A publisher once told me, she tells her authors to “puke it out.” As crass as that sounds, I agree. Don’t try to edit as you go along; get the story out of your head while it’s fresh.
When I edit, I read the entire novel without touching a finger to the keyboard. I download to my Kindle and simply highlight. It allows me to read as the prospective reader. My mind remains focused on the story, not the editing process. And, something I might have suggested the writer remove, might make sense once I’ve read the entire manuscript.
Next, go back chapter by chapter and add the emotion and action you may have missed on the first run through. Then, read again, preferably aloud. The moment something stumps you, stop and edit accordingly. If you, as the writer, get tripped up, imagine the reader. They don’t know the characters as intimately as you do.
Another good technique is to make a list of common, rookie writing mistakes. They’re easy to find. Follow some of your favorite agents' blogs and Twitter accounts, and believe me, they’ll tell you what they hate (I’ll do that here in a second). Add to your list commonly misspelled and misused words, again this is not difficult to locate. You’ve all read books and blogs that the author didn’t see the need to edit properly. What bugs you? Head hopping, the use of passive statements, the overuse of words such as very and hopefully. Too many dialog tags is one of my peeves, and sometimes, “he said” is sufficient. The tag is only there to remind the speaker who’s speaking. Don’t try to reinvent the wheel. Let the characters' words and actions speak for themselves.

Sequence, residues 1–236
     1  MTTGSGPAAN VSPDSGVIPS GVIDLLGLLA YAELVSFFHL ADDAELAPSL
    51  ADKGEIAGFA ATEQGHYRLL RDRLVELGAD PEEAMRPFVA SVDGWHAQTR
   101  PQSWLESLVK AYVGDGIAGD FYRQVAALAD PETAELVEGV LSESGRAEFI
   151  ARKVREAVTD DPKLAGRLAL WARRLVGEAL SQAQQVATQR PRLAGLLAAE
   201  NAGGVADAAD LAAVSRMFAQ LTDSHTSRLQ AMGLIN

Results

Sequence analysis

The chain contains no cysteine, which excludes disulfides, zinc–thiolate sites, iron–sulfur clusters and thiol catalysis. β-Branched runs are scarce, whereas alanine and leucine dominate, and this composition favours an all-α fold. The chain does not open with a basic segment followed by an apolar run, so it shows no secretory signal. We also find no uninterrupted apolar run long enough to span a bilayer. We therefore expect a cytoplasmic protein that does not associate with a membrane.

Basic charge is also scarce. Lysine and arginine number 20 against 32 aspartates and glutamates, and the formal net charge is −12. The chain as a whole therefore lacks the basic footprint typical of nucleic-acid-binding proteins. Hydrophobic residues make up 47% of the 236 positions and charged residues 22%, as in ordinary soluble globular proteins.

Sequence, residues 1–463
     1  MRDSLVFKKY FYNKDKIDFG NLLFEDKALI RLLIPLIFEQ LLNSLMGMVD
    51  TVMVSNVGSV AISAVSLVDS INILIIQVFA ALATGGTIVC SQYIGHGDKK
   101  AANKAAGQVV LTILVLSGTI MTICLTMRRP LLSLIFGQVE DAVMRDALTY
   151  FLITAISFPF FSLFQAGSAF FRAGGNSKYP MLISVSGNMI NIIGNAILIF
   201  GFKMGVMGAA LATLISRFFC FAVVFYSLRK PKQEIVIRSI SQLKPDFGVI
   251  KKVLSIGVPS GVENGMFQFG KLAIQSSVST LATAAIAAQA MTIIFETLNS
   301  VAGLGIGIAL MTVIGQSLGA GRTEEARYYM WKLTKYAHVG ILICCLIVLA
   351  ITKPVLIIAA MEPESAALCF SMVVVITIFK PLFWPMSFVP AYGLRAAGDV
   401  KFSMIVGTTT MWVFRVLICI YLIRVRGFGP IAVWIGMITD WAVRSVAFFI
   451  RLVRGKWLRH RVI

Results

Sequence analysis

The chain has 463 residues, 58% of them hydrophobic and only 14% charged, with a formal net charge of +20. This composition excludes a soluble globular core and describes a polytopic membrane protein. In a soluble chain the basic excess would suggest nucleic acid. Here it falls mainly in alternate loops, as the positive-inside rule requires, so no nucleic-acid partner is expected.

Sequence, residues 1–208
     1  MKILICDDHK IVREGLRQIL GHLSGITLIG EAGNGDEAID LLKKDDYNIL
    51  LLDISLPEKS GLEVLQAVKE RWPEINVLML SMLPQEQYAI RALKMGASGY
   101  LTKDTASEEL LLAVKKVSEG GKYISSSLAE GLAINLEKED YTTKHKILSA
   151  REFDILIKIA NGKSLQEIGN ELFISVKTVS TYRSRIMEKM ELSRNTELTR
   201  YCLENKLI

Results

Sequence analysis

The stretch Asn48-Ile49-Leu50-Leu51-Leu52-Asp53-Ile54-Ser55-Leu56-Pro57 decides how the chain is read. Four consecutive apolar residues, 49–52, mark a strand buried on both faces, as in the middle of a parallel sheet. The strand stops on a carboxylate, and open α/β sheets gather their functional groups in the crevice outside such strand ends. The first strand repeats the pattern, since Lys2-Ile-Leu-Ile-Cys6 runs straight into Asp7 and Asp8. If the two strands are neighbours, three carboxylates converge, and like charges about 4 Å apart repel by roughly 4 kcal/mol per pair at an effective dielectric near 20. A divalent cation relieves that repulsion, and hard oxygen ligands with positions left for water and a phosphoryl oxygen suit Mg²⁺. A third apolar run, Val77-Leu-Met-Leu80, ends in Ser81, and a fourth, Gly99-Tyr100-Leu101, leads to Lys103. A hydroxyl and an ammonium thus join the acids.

This process should put you minimally at three self-edits, but don’t think for a minute you are through. Nope, now you need your Beta to read your masterpiece. When she’s finished and has made her suggestions, rewrite, and read again. Don’t want to upset you, but you’re still not finished. Now, you need a professional editor, or if your work is clean, a proofreader will suffice. But wait, there’s more. After you receive your manuscript back from your chosen editor, you need to accept or reject her recommendations, and yep you guessed correctly, read through your work one final time. So, Darin Calhoun, you are correct. My suggestion is at least six to seven read-throughs before you are ready to query or self-publish.
Anything less and you’ll just be a blip on the screen.